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From Konstantin Ewald & Felix Hilgert of Osborne Clarke:

Another year, another gamescom… This time, one of the hot topics we discussed a lot in individual meetings and at the VGBA European Summit was publishers' fight against "key selling", so we thought we would share some additional resources on the legal aspects of this practice that has German publishers up in arms.

Current press reports: Key selling illegal

The debate was fuelled in part by a publication in Handelsblatt, one of Germany's leading business dailies. One of their correspondents, specialized in white collar crime, reported extensively on the many ways in which key sellers like MMOGA are violating the law. You can find the article in English here and in German (behind a paywall) here.

Courts have been saying it since 2014

In the first landmark case in Germany to deal with key selling back in 2014, we were able to convince the Regional Court of Berlin that the common practice of buying boxed products, discarding the DVD and reselling the key only was in violation of copyright and trademark law. This decision, which has since been confirmed by other courts, is still the cornerstone of any legal strategy against key selling in Germany and beyond: Judgments are possible also against entities domiciled elsewhere, and enforcing them from within Germany, while not trivial, has proven a viable option. You can find a summary of the Berlin case in English here and in German here.

Only a myth: German Federal Court of Justice did NOT just authorize key selling

Finally, a recent decision by the German Federal Court of Justice has been flaunted by some as saying key selling is permitted after all. However, these commentators fail to take into account the very specific nature of video games, which are protected as "hybrid works" according to the case law of the CJEU, and that "usedSoft" principles do not apply to them. We dispel the myth in detail in a note available here.

In short, if key selling gives you a headache, remedies are available. Feel free to get in touch, and we would be happy to help.
There's an interesting article in Law360 today about a potential patent dispute surrounding No Man's Sky and the so-call Superformula.  From the article, and of interest to our readers:

Many video games have focused on space exploration; this premise is hardly unique. The novelty with "No Man’s Sky", and the reason for so much excitement and anticipation over its imminent release, lies primarily in the ambitious size of the universe available for exploration in the game. In traditional video game programming, objects that make up the in-game environments must be created individually by writing numerous lines of code into the game for each asset or piece of art — a labor-intensive and time-consuming process limiting the number of objects that can be included in one game.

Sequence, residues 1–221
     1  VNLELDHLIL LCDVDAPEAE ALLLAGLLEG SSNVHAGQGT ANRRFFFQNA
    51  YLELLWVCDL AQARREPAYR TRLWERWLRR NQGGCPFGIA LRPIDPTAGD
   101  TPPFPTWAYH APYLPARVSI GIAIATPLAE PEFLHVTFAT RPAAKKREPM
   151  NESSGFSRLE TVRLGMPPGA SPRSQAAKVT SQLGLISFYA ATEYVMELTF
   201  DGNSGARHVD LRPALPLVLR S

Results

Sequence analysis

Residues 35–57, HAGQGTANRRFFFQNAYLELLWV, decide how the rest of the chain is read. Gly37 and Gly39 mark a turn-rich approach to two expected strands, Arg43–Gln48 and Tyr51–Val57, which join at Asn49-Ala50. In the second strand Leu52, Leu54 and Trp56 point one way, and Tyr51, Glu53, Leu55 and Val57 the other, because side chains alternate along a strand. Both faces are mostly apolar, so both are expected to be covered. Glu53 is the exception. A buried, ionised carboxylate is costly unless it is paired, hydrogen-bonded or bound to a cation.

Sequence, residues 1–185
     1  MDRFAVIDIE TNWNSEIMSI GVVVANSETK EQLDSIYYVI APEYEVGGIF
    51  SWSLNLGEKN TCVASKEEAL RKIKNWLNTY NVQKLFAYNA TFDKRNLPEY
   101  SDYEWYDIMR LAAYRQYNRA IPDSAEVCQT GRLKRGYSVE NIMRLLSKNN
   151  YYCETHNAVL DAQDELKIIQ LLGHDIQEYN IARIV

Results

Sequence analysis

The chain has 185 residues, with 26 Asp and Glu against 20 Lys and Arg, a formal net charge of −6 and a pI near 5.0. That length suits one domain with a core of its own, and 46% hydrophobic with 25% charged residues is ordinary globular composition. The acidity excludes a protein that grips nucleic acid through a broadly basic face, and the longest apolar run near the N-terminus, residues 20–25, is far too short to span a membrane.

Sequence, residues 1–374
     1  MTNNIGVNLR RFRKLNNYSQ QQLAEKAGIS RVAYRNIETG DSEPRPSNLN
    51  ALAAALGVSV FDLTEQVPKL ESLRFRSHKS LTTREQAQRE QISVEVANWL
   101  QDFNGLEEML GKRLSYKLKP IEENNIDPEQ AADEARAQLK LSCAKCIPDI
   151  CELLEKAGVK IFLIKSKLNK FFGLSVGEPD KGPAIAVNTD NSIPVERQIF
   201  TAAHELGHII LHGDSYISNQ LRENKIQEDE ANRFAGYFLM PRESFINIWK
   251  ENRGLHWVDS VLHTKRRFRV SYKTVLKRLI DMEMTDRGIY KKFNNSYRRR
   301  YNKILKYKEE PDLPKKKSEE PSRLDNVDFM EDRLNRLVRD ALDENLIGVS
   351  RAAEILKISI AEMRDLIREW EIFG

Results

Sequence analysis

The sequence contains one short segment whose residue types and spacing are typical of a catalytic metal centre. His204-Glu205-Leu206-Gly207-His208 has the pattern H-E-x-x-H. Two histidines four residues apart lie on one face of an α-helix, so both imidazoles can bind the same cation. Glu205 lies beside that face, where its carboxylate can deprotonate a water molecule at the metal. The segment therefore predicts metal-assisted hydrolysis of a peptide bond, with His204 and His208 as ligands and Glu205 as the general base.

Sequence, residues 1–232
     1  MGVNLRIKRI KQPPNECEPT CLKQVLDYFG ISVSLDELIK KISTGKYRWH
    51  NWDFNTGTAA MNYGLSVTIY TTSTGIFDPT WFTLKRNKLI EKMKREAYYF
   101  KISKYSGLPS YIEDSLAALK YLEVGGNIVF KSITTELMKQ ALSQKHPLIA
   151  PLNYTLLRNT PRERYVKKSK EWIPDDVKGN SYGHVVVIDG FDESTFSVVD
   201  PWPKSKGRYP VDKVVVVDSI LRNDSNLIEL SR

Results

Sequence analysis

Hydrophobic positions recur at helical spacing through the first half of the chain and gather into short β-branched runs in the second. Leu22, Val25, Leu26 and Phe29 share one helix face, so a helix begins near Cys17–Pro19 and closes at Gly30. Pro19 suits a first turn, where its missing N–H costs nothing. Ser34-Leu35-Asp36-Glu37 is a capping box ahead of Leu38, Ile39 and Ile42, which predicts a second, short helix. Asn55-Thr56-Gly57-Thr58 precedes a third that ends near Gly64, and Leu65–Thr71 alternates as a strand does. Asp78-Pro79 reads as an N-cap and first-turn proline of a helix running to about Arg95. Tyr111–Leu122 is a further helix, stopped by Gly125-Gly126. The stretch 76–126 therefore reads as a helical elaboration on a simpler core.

Hello Games ostensibly avoids these issues by using a programming technique known as procedural generation. Rather than drafting unique lines of code to create each game asset, procedural generation provides a computer with a system of rules and parameters for the game universe, and then relies upon the computer to create in-game assets in accordance with those rules. In other words, each object in "No Man’s Sky" is created not by individual lines of code written specifically for that asset by a programmer, but instead is created by the computer applying algorithms created by the programming team. These procedural rules could cover everything from the way interstellar and spaceship physics work, to the way vegetation looks on planets with particular climates, to the types and behaviors of wildlife. Using this technique, Hello Games has created an in-game universe of unprecedented size and scope, containing 18,446,744,073,709,551,616 accessible planets.[5]
In late July, the media began to report that a company called Genicap had raised the possibility that "No Man’s Sky" might be running afoul of Genicap’s patent rights in the Superformula. The Superformula is a modified version of the equation that describes a circle, and it was discovered by Johan Gielis around the turn of the 21st Century. Changing particular variables within the Superformula causes the equation to describe all manner of geometric shapes and natural forms.[6] Genicap (Gielis’ employer) received U.S. patent No. 9,317,627 (the “‘627 patent”) on April 19, 2016. The ‘627 patent’s primary claim describes the Superformula as “a method for creating timewise display of widely variable naturalistic scenery ... on an amusement device with minimized data storage and processing requirements ... ”
Click the link above for the entire article.  We'll keep you posted of any developments in this area.
As previously reported, Ed Sheeran was sued back in June for copyright infringement.  Well either the sharks smell blood, or perhaps there's something in the water, but be's been sued again based on another of his songs, as reported by CNN.

This time Ed Sheeran has been sued by the estate of Marvin Gaye, the same folks who sued (and won, pending appeal) Robin Thicke in the Blurred Lines case.  The allegation?  That Ed Sheeran's Thinking Out Loud infringes the copyright in Marvin Gaye's "Let's Get It On."  First, listen for yourself:

Ed Sheeran, Thinking Out Loud:


Marvin Gaye, Let's Get It On:


What do you think?  Does this case have legs?
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